How to Read (and Understand) the A/R Aging Report

Compared to the other reports discussed in this article, the A/R aging report is one of the easiest to read and understand. As mentioned above, your report should typically include several time-frame categories, such as 1-30, 31-60, 61-90, >90, and current. These represent the number of days each client has overdue payments. On the left side of the report, you’ll find your clients column. This will include the name of each client that you have. Your report should also include a date that the report was created, so you know the timeframe you’re working from. 

Cash Flow Statement

 It’s different than the balance sheet and income statement because it only considers cash activities rather than all of your accounts.

The cash flow statement is used to estimate future cash flow which will be helpful with budgeting and decision making. 

How to Read (and Understand) the Cash Flow Statement

The cash flow statement consists of three sections: operating, financing, and investing activities—each representing a portion of your company’s business activities. 

Cash Flow from Operations 

This should include the accounts receivables, accounts payables, and income taxes payable. This means once your client pays a receivable or if you pay your supplier in cash, it would be recorded as cash from operations. Changes in current assets and liabilities are recorded as cash flow from operations, as well. 

Cash Flow from Financing 

Cash flow from financing reports on the debt and equity of your business. Any cash flows that relate to the payment of dividends, repurchase or sale of stock, and bonds, would be considered activity in this category. If you take out a loan, it would also be recorded here. The investors who prefer businesses that pay dividends, this is the section they would pay attention to, as it looks at cash dividends paid. 

Cash Flow from Investing

Cash flow from investing shows the amount of cash flow from sales and purchases of long-term investments like fixed (non-current) assets. This includes property, plant, equipment, vehicles, furniture, buildings, or even land. In this section, the purchase of these assets will generate cash outflows, and the sale of the assets will generate cash inflows.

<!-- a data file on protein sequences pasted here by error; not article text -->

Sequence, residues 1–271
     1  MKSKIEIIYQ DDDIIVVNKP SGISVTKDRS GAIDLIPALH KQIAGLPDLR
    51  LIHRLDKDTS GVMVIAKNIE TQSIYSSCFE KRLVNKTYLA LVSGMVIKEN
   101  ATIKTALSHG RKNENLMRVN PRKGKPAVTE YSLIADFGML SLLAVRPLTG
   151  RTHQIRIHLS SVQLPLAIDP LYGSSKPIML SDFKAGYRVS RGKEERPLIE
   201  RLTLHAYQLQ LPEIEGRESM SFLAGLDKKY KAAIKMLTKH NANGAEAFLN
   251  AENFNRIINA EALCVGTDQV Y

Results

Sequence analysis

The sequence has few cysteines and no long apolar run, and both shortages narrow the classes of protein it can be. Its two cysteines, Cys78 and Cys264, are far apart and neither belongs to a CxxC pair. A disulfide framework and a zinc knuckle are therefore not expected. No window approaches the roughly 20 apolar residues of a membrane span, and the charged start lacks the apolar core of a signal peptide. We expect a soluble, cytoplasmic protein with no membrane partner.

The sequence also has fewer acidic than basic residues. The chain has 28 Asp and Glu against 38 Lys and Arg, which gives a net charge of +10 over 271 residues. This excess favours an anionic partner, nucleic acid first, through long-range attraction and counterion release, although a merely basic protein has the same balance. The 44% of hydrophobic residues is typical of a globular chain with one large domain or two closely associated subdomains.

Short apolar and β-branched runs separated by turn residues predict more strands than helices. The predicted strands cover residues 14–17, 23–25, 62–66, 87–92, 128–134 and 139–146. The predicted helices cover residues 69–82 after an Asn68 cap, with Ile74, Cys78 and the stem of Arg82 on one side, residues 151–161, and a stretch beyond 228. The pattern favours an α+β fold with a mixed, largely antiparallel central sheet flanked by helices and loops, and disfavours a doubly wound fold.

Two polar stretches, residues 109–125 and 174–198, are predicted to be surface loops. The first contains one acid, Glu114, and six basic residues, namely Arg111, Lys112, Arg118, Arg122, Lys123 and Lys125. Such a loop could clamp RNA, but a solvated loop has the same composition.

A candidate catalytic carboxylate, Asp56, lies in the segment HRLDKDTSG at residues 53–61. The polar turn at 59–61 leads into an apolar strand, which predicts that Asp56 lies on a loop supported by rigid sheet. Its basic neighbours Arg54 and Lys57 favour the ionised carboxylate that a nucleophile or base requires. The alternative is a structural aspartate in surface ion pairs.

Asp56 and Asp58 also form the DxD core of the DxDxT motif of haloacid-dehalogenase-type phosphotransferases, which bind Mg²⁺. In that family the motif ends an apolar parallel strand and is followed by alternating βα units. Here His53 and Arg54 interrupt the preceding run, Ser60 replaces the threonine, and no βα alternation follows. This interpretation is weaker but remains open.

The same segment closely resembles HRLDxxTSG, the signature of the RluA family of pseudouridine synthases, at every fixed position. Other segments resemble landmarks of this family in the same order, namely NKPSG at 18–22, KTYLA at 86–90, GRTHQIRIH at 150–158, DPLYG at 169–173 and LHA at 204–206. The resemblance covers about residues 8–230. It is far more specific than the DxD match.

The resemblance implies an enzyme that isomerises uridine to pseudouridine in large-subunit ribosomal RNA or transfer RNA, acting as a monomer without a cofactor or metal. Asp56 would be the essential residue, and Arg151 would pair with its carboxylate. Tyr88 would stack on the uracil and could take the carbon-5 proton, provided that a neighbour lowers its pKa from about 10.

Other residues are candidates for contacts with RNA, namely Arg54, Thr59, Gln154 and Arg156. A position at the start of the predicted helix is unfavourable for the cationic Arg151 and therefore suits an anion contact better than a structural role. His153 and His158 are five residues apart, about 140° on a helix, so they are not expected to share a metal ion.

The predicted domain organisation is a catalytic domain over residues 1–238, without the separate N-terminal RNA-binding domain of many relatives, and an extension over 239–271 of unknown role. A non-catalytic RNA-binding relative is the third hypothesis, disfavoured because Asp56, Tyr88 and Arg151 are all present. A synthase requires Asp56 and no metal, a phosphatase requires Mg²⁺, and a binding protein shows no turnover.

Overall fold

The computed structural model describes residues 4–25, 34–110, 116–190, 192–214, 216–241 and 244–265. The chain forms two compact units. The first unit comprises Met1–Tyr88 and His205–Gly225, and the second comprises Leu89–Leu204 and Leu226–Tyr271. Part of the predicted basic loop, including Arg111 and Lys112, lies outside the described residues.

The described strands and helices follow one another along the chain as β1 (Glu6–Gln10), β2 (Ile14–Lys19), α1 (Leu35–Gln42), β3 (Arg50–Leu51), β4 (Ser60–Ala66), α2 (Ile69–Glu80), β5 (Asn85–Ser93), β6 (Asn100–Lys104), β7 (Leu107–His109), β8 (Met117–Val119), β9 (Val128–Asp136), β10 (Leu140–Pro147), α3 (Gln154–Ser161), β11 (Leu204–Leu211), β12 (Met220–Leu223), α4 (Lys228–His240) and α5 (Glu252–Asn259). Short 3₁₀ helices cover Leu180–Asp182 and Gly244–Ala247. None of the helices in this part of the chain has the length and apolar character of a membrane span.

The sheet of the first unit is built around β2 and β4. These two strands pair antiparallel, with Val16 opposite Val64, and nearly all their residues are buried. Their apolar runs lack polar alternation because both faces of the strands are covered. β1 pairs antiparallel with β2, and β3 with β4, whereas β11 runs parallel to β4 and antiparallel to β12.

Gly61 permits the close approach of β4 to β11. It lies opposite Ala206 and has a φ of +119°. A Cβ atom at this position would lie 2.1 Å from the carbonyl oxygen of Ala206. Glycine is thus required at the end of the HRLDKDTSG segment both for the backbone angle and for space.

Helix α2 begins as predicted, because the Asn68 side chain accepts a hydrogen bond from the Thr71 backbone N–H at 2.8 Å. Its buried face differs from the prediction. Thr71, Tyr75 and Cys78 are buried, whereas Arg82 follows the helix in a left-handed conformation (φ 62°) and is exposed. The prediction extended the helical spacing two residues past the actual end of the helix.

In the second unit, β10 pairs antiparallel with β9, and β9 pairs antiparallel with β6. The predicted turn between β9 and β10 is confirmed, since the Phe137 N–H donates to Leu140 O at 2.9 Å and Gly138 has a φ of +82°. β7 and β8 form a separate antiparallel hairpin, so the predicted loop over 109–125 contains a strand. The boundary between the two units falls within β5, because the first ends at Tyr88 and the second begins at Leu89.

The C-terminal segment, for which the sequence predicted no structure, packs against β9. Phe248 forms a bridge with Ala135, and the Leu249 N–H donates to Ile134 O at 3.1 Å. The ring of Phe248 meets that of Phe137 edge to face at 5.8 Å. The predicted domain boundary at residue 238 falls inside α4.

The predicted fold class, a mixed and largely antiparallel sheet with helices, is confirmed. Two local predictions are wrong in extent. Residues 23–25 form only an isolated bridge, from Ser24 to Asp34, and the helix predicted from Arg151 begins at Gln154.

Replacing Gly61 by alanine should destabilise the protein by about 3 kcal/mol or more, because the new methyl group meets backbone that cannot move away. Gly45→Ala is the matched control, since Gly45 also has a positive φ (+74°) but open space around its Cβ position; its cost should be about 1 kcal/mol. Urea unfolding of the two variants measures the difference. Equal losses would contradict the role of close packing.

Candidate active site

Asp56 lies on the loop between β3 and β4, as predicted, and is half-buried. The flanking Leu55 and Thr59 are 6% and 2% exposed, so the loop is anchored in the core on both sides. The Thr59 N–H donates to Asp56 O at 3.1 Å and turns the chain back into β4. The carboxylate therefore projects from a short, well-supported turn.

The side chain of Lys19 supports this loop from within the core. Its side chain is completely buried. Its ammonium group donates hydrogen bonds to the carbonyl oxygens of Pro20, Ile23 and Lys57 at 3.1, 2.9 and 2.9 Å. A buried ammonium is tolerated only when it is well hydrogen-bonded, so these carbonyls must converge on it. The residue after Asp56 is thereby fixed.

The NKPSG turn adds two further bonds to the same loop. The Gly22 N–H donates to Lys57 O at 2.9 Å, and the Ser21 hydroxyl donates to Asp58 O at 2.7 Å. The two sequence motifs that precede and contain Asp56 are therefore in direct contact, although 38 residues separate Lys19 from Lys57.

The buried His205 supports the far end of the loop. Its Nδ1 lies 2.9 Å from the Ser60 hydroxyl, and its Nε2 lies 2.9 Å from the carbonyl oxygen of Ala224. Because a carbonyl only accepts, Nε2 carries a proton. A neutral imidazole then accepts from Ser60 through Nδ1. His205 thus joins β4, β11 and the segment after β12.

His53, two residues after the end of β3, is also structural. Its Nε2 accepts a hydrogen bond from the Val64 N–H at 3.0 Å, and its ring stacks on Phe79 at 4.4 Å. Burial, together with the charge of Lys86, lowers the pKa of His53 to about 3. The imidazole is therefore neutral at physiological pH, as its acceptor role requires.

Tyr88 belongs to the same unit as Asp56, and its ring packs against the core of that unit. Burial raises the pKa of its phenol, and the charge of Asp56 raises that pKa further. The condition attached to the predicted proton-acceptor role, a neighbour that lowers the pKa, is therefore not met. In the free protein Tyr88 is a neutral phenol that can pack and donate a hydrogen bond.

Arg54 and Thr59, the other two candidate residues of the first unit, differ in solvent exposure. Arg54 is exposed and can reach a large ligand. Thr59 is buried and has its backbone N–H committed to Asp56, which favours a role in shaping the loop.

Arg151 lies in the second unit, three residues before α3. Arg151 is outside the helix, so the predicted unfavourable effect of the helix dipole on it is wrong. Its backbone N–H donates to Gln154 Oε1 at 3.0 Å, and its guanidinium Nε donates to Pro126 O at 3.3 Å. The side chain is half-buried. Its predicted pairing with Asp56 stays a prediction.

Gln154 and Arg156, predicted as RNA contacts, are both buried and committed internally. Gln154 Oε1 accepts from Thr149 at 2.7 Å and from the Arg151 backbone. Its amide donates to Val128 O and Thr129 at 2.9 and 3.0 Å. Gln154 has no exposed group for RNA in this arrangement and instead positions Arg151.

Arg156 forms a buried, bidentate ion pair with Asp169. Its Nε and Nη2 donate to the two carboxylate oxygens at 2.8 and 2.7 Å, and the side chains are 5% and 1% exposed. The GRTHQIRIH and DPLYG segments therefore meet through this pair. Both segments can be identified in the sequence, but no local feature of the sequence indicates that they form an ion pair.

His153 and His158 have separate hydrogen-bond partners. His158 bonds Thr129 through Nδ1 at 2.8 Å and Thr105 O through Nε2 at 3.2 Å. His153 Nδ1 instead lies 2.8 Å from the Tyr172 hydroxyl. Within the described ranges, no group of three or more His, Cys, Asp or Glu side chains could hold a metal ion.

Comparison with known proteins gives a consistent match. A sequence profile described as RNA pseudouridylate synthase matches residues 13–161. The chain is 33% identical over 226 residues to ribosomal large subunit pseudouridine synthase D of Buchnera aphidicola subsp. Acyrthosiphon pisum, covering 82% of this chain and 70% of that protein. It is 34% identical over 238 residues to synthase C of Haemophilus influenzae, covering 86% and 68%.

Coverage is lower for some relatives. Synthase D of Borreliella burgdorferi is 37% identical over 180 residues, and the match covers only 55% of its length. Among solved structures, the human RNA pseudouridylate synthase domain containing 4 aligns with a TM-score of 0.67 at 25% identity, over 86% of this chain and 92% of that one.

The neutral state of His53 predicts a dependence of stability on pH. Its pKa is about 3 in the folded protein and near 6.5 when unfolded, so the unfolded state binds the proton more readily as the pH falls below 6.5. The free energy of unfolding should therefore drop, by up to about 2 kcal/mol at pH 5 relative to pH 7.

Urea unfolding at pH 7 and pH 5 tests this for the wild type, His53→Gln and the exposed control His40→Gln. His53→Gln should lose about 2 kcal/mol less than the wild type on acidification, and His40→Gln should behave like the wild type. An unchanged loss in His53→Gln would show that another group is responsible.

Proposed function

Revenue by Customer

As much as you should be paying attention to who owes you money via your A/R aging report, you should also determine who’s giving you the most of it. Your revenue by customer report tells you how much you made from each customer over a period of time. 

If you run a freelancing business or services business, you will most likely rely heavily on repeat customers. Using this report to determine who your most loyal customers are and who spends the most with your company is a good way to get to know your client base.

How to Read (and Understand) the Revenue by Customer Report

Different accounting systems include different sets of information in the revenue by customer report, but the most important information to include is a list of your customers as well as the income generated from each customer in a specified time period. 

Some revenue by customer reports can include more in-detail data such as customer contact information, items sold, discounts, total tax, cost of goods sold, and even margin. 

When using this report to make business decisions, you can add in more columns to compare revenues month-over-month or year-over-year. This will give you a clearer idea of any trends within your sales cycle and whether your customers are dependable repeat business. 

The Bottom Line

With these tools under your belt, you will have the most comprehensive overview of how your business is doing financially, who your best clients are, the state of your cash flow, and even whether or not you qualify for business financing or a loan. Accounting reports may just seem like numbers at first—but once you learn to read and understand which reports are important for running your small business, you’ll be able to make better financial decisions to propel your business forward.